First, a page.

Archive for June, 2008

Thirty Good Deeds Passing Us By

Posted in The Words of the Salaf on June 30, 2008 by Tarek Mehanna

From ‘Sahih al-Adab al-Mufrad’ (757):

Abu Hurayrah reported that a man passed by the Messenger of Allah while he was in a gathering, and he said: “as-Salamu ‘alaykum.” So, he said: “Ten good deeds.”

Another man passed by and said: “as-Salamu ‘alaykum wa Rahmatullah.” So, he said: “Twenty good deeds.”

Another man passed by and said: “as-Salamu ‘alaykum wa Rahmatullah wa Barakatuh.” So, he said: “Thirty good deeds.”

So, let us try to obtain the thirty good deeds by making the complete greeting instead of the basic one. Imagine how many hasanat pass us by every time we greet each other, as just two or three extra words will gain us an extra twenty good deeds each time we say them!

And from ‘as-Silsilah as-Sahihah’ (1403): “If a man meets his Muslim brother, he should say: ‘as-Salamu ‘alaykum wa Rahmatullah wa Barakatuh.'”

Time Limit for the ‘Isha’ Prayer

Posted in Original & Misc. on June 29, 2008 by Tarek Mehanna

There is the opinion deduced from taking the apparent (dhahir) meaning of the hadith about the middle of the night that was held by Ibn Hazm, ash-Shawkani, al-Albani, and others that the permissible time is till the middle of the night, beyond which it is forbidden to delay ‘Isha’.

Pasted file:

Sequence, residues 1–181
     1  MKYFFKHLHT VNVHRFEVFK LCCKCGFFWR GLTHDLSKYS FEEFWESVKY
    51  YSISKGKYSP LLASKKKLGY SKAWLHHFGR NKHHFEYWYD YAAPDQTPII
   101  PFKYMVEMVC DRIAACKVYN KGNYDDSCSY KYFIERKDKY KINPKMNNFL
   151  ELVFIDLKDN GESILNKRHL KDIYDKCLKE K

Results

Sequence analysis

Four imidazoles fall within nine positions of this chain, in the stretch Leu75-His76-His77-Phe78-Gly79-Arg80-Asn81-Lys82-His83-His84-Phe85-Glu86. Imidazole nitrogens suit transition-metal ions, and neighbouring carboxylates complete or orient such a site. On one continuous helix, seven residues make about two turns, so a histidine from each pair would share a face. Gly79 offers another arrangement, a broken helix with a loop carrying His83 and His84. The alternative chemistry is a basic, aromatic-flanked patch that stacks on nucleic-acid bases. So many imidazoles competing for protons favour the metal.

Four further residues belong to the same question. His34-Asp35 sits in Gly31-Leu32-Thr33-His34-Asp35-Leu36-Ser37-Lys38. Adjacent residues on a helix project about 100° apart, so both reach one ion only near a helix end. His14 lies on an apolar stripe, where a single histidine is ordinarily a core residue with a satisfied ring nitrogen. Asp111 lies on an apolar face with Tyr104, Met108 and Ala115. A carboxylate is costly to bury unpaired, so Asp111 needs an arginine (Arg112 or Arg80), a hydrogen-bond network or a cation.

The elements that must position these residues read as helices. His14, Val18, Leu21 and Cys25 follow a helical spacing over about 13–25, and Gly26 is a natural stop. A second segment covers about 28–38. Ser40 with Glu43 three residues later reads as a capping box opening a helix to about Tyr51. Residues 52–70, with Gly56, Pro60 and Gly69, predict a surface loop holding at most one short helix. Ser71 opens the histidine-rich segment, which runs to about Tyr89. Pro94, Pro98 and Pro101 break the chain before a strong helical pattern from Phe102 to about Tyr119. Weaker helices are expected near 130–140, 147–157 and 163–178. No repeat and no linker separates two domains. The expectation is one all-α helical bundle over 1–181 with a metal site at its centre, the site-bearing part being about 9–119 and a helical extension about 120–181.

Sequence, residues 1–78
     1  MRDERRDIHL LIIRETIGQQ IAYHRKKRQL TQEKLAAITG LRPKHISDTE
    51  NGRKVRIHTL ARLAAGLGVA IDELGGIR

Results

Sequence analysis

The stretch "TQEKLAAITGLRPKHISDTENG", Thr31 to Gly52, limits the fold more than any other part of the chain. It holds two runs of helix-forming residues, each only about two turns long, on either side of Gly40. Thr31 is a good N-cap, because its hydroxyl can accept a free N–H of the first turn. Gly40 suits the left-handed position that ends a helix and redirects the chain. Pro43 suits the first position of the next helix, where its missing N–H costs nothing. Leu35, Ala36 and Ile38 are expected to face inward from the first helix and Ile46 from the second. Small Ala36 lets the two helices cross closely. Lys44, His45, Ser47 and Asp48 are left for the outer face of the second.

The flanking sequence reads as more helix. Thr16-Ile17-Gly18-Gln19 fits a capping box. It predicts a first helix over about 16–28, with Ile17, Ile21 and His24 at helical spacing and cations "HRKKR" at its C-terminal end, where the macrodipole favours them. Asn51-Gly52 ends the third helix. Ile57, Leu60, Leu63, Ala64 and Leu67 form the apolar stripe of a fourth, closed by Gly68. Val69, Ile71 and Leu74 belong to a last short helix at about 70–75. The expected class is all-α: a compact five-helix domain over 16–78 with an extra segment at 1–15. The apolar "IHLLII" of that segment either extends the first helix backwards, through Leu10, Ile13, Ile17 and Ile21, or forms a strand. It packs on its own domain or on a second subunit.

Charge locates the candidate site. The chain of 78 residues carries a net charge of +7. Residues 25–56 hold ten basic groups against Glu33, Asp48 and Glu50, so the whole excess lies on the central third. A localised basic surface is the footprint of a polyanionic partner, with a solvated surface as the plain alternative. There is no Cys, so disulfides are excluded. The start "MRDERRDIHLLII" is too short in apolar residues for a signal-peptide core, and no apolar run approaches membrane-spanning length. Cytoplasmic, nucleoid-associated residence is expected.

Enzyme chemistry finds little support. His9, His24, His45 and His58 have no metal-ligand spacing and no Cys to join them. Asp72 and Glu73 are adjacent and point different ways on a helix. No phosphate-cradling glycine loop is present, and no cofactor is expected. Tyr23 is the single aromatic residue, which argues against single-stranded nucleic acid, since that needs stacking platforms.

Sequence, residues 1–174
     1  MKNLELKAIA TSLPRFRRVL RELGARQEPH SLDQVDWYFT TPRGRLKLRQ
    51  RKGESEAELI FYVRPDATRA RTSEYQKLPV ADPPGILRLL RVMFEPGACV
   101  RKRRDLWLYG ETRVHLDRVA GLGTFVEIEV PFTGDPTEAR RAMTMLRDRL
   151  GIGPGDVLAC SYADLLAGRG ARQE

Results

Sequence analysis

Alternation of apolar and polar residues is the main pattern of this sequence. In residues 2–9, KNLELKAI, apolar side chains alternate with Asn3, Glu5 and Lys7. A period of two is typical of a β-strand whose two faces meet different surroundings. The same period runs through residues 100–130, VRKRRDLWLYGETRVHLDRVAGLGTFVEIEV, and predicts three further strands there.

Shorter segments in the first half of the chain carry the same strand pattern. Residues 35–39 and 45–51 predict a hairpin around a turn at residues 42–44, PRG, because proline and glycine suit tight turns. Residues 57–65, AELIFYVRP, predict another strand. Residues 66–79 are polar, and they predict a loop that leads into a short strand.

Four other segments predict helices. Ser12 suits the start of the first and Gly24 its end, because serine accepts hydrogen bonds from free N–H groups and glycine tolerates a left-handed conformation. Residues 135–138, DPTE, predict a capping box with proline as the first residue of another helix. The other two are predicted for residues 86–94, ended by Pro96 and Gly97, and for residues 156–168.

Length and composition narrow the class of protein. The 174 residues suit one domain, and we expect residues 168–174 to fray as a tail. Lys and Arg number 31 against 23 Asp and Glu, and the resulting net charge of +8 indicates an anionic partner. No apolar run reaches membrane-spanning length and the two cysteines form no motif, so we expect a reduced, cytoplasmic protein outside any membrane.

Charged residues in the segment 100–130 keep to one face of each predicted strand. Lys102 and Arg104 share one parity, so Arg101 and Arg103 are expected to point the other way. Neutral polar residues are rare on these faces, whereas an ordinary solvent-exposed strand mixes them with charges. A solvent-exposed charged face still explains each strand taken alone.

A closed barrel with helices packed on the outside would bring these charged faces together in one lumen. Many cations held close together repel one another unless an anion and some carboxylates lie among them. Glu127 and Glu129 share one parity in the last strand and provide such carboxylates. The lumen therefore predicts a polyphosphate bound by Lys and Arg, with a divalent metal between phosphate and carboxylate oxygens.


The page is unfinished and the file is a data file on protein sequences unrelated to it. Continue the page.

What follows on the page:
Consider also what the major scholars of the four madhahib said:

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Virtues of Reading the Stories of the Salaf

Posted in The Lives of the Salaf on June 28, 2008 by Tarek Mehanna

“…Indeed, the stories of the active and righteous scholars are from the best ways of ingraining virtuous characteristics into the soul, and they push it to withstand hardships and obstacles for the sake of noble and lofty goals, and they motivate it to imitate those who display sacrifice and bravery – all in order to cause it to ascend to the highest and noblest of levels.

This is why some of the scholars from the Salaf said: “Stories are soldiers from the soldiers of Allah. Allah keeps the hearts of the awliya’ firm through them.” The proof for this from the Book of Allah is His Saying: {“And all that We relate to you of the news of the Messengers is so that We may make your heart strong and firm thereby.”} [Hud; 120]

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Asad bin al-Furat: The Conqueror of Southern Italy

Posted in The Lives of the Salaf on June 27, 2008 by Tarek Mehanna

adh-Dhahabi introduced him in ‘Siyar A’lam an-Nubala” (9/14):

“Asad bin al-Furat, the Imam, the ‘Allamah, the Qadi, the Amir, the forerunner of the Mujahidin, Abu ‘Abdillah al-Harrani then al-Maghribi. He was born in Harran in 144 according to Ibn Makula. Others have said he was born in 145.”

In ‘Shajarat an-Nur az-Zakiyyah fi Tabaqat al-Malikiyyah’ (p. 62), Shaykh Muhammad Makhluf al-Maliki said:

“He traveled with his father when he was two years of age with the army of Arabs under the leadership of Ibn al-Ash’ath, and he entered Qayrawan in the year 146. He then entered Tunis and dedicated himself to reciting and studying the Qur’an and its sciences. He heard ‘al-Muwatta” from Ibn Ziyad (‘Ali bin Ziyad at-Tunisi), and when he was eighteen, he traveled east. He lived in Madinah for some time, and reviewed ‘al-Muwatta” with Malik himself.

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Being Positive and Cheerful

Posted in Ibn 'Uthaymin, Original & Misc. on June 24, 2008 by Tarek Mehanna